Chart 3 Older persons with a university education were more likely to work (as their main activity) by choice than those with lower levels of education

Data table for Chart 3
Data table for Chart 3
Table summary
This table displays the results of Data table for Chart 3 By choice and By necessity, calculated using percent units of measure (appearing as column headers).
By choice By necessity
percent
High school diploma or less 44.6 55.4
Postsecondary education below bachelor's level 44.2 55.8
Bachelor's degree or higher 56.2 43.8

Among older people for whom working was their main activity in the previous year, employees were more often citing they worked by necessity (56.5%) than the self-employed (42.4%). A higher propensity of working by necessity among older employees was observed across all broad education levels compared with the older self-employed. Overall, 71.6% of older people who worked as their main activity in the previous 12 months reported mainly being employees and 28.4% were mainly being self-employed. LFS data show that older workers are more likely to be self-employed than core-aged and young workers. Research suggests this phenomena mainly reflects the fact that self-employed tend to stop working at a later age than employees and, to a lesser extent, because a number of older people transition to self-employment (Schuetze, 2015).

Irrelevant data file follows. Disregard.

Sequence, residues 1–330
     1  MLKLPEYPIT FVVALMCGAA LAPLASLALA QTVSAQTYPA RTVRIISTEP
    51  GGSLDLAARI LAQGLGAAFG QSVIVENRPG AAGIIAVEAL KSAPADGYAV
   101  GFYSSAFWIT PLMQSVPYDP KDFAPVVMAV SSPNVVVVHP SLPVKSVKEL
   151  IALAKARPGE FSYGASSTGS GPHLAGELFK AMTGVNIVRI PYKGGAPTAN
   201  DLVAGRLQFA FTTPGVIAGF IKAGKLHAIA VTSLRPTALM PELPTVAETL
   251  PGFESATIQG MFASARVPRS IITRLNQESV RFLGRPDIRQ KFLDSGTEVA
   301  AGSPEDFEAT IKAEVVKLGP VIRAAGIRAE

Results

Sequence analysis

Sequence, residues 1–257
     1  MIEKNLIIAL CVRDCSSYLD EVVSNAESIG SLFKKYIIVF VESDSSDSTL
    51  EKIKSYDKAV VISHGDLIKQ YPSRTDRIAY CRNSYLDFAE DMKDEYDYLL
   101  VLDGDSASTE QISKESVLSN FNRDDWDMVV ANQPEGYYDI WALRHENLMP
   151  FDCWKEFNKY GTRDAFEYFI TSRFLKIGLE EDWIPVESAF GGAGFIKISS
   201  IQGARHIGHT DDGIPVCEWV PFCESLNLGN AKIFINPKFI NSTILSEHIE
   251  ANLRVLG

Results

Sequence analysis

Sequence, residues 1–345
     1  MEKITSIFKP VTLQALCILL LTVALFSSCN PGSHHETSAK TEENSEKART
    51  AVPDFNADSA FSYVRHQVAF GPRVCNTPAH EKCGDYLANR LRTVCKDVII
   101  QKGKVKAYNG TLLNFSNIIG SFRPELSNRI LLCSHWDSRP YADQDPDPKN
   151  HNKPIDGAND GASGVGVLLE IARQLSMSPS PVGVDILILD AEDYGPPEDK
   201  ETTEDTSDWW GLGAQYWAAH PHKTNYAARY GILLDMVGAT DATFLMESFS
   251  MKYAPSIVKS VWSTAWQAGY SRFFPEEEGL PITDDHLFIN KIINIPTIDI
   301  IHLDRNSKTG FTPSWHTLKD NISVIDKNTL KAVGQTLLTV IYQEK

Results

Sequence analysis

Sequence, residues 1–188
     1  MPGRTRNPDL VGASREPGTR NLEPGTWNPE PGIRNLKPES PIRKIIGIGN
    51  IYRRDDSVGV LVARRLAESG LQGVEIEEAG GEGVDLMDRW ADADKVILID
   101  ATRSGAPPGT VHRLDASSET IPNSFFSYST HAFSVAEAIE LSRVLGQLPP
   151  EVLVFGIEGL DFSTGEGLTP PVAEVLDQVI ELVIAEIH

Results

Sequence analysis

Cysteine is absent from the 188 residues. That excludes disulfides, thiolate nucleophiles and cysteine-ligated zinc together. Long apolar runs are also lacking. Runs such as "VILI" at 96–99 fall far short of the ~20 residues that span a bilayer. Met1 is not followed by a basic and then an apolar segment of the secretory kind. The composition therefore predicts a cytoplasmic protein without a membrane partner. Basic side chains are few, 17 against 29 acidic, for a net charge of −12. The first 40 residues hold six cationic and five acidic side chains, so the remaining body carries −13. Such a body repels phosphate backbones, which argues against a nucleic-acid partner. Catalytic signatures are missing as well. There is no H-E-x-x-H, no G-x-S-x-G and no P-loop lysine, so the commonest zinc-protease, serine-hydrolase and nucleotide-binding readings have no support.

For older workers who reported being self-employed, the most common reasons reported for doing so were ‘independence/freedom/own boss’, and ‘had to be self-employed (nature of job)’.